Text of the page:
What could two kids – one of them coming from a German Jewish family and the other from a German nazi family – have in common in 1950s Argentina? Would you imagine them living on the same street and hanging out together? Could you see their future as a couple?
Argentina opened its doors to all immigrants – especially those coming from Europe – during the previous century. The biggest waves of immigration from the other side of the Atlantic came during periods of revolution and war – thousands of refugees, regime victims, and later war criminals escaped from Europe where they couldn’t share the same territory peacefully, seeking a new life together, as an expat community, in Argentina. Did those unresolved European issues remained in the new country too?
‘El Amigo Alemán’ (The German Friend), out for general cinema release today, is a brilliant film by Jeanine Meerapfel that explores the poorly-understood social conflicts of immigrants settling in a new country, and provides an interesting alternative perspective on 20th century Argentine history.
The film starts as the love story between a girl, Sulamit, coming from a German Jewish family and a boy, Friedrich, coming from a German nazi family. They are neighbours in Argentina, and both attend the same school, though their parents do not seem to be happy about their blossoming relationship. When Friedrich becomes 18, he discovers the dark past of his father, a former SS general in nazi Germany. The young man cuts all relations with his family and leaves for Germany, full of angry energy, to change the world. Sulamit follows him and they maintain their friendship, though the romantic side of the relationship is challenged. Friedrich then leaves her again, going back to fight against the dictatorship in Argentina and ending up in prison in Patagonia. Sulamit meets another person, Michael, but her love for Friedrich never dies. After first travelling from Germany to visit him in prison she then returns again to Argentina as a 40 year old, when he writes her a letter from a Mapuche village in Patagonia.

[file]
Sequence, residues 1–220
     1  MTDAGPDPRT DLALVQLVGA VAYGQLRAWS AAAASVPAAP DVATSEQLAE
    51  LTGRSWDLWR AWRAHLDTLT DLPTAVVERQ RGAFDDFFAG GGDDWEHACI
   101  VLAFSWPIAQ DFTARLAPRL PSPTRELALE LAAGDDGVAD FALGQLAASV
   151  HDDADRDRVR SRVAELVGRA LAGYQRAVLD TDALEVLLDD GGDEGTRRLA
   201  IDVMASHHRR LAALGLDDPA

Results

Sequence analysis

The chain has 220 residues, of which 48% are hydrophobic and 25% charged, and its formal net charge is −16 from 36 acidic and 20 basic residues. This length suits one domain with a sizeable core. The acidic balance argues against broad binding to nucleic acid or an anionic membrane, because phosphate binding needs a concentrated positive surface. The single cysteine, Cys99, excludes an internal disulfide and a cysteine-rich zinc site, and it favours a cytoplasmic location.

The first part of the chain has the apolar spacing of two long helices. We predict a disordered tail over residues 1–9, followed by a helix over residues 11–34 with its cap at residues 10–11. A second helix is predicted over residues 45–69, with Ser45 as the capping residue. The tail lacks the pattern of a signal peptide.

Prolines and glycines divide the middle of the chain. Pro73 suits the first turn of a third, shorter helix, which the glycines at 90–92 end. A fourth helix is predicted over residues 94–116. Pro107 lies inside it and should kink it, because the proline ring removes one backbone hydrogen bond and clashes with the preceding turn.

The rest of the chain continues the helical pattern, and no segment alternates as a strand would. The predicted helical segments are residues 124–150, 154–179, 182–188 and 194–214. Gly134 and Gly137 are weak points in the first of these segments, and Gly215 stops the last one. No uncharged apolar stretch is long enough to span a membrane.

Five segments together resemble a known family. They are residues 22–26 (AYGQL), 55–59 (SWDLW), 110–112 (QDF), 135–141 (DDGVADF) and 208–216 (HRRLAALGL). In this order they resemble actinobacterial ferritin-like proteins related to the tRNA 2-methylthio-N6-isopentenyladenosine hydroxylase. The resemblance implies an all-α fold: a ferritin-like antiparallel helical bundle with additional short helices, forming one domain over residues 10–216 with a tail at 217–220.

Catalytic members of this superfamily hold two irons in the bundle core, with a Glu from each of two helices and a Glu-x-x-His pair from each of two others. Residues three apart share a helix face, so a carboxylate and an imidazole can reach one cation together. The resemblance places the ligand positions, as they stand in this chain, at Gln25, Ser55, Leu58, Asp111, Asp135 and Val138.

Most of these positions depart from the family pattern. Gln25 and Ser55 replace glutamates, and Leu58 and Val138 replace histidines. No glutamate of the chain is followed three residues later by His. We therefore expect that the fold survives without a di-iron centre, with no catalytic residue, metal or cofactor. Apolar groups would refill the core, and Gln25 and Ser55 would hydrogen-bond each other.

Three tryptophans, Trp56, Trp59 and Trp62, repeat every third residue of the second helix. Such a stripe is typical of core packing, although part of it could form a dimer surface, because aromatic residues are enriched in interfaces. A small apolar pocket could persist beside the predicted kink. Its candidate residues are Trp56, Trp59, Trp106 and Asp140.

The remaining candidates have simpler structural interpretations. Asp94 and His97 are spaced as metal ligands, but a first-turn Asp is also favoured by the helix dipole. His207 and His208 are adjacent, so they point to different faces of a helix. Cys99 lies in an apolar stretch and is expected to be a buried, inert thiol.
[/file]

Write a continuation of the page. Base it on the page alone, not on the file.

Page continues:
‘El Amigo Alemán’ is a co-production of Argentina and Germany. It deals with the sensitive problems of the post-World War II period in a natural way, helped by the fact that it’s based on the director’s own personal experience.
Director and co-producer, Jeanine Meerapfel, was born in Argentina in the 1950s in a German-Jewish family. She was a part of the uneasy build-up of a new society, where the children of immigrants were protagonists and faced difficult situations as they discovered their parents’ backgrounds. When Meerapfel grew up, she chose to go back to the country of her family, to a Germany that was still going through the post-war reconstruction process. Meerapfel saw the massive youth protests in the biggest German cities in 1968, people who were ashamed to be Germans and were turning to the extreme left. Later, this would help her understand what was happening in Argentina during and after the 1976-83 dictatorship.
She began on working on the film that would show the social aspects of her biography in two countries – Argentina and Germany – about three years ago. Some 70% of ‘El Amigo Alemán’ was filmed in Argentina, inspiring Meerapfel’s decision is to release it first here and then in Germany.
Besides showing the hidden history of Argentina in the previous century, Meerapfel says the film deliberately focuses on fundamental human values: hate can be surpassed through love. Meerapfel admits that the film is partially autobiographical and describes it as a form of liberation. Most Argentine actors in the cast agree, and during a screening in September they shared personal stories similar to those depicted on the film. Asked about a violent scene, where Sulamit is accused and beaten by a group of Argentine guys in her school, Meerapfel responds, “such cases were pretty normal in the 1950s, but that has definitely changed now.”
“Everything we do is autobiographic,” Meerapfel continues. The original name of the film was ‘Hijos de…’ (Children of…) as they are the ones who were most traumatised their parents’ past. The actual title of the film is the name by which Sulamit’s mother always refers to Friedrich. At one point, an exasperated Sulamit replies during a phone call from Germany, that “He is not German, he is Argentine!” This emphasises another of the film’s central themes: it’s important to know where we come from and what our roots are, but life goes on, and it moves forward. These children of immigrants torn apart by conflict are now the citizens of a new country and their mission is to build another society, free from hate.